Irish rejection of same-sex marriage may breach international rights law: report

[JURIST] A new report by the Irish Human Rights Commission [advocacy website] released [press release] Friday has found that Ireland may be in breach of international human rights laws because the country does not currently recognize same-sex marriages [JURIST news archive]. The Rights of De Facto Couples [PDF] report notes that Ireland gives more rights to married couples than to gay couples or unmarried heterosexual couples, and also said that the current laws may be breaching the Good Friday Agreement of 1998 [text], which requires equal human rights standards in both mostly-Protestant Northern Ireland and the mostly-Catholic south. Civil partnerships are presently recognized [JURIST report] only in Northern Ireland.

Ireland's Minister for Justice [official website], Michael McDowell [official website], said that the government is planning to discuss a Civil Partnership Bill [Stonewall backgrounder], but actual marriages for same-sex couples will not be recognized. McDowell said he does not expect criticism by church leaders after speaking to many of them who realize that fairness is a top priority in the country, despite their moral views on homosexuality. From Ireland, the Evening Echo has local coverage.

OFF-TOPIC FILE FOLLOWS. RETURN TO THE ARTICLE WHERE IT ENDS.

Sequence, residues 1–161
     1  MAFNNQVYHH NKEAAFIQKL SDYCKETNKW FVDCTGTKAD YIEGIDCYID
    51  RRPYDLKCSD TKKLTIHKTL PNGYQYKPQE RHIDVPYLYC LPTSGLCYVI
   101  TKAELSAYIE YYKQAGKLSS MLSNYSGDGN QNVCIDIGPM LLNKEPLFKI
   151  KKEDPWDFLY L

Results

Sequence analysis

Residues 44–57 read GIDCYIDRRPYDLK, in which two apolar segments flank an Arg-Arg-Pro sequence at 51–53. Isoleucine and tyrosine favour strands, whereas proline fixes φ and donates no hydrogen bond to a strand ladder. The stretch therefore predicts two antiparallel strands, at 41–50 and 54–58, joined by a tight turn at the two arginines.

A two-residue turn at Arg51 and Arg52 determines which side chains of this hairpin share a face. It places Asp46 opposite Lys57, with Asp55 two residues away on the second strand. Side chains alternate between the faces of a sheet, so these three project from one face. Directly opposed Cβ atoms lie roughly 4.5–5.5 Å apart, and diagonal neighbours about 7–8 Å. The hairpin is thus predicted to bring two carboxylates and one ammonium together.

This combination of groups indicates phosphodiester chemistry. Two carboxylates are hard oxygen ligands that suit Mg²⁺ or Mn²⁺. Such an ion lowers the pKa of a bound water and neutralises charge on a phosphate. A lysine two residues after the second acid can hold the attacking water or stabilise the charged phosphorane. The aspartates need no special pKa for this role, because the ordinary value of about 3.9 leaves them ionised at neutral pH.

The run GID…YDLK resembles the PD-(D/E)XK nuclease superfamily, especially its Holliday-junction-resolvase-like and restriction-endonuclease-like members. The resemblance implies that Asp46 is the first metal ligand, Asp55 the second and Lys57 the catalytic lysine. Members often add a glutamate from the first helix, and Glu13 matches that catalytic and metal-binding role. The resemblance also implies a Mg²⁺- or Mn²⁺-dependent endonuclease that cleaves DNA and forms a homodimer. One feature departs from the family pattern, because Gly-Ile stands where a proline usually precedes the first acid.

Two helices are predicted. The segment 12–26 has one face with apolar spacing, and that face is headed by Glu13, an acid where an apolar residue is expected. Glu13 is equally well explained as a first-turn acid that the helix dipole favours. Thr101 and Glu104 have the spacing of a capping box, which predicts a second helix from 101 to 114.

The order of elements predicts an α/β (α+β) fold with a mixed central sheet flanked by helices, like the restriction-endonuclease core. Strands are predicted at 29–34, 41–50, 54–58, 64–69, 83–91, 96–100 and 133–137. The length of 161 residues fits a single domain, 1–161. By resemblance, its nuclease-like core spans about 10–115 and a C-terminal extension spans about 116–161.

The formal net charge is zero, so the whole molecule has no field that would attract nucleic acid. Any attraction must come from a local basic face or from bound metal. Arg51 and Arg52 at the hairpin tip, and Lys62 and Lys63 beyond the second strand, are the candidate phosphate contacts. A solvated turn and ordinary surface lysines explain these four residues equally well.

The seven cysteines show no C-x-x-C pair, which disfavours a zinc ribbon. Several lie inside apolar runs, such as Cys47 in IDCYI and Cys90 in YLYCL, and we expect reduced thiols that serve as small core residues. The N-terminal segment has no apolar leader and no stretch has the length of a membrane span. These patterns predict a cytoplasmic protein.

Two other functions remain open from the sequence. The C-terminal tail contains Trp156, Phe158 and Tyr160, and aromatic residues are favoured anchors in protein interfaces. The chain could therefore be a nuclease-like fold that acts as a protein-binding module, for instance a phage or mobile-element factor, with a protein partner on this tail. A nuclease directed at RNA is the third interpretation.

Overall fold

About Paper Chase

Paper Chase is JURIST's real-time legal news service, powered by a team of 30 law student reporters and editors led by law professor Bernard Hibbitts at the University of Pittsburgh School of Law. As an educational service, Paper Chase is dedicated to presenting important legal news and materials rapidly, objectively and intelligibly in an accessible format.

© Copyright JURIST Legal News and Research Services, Inc., 2013.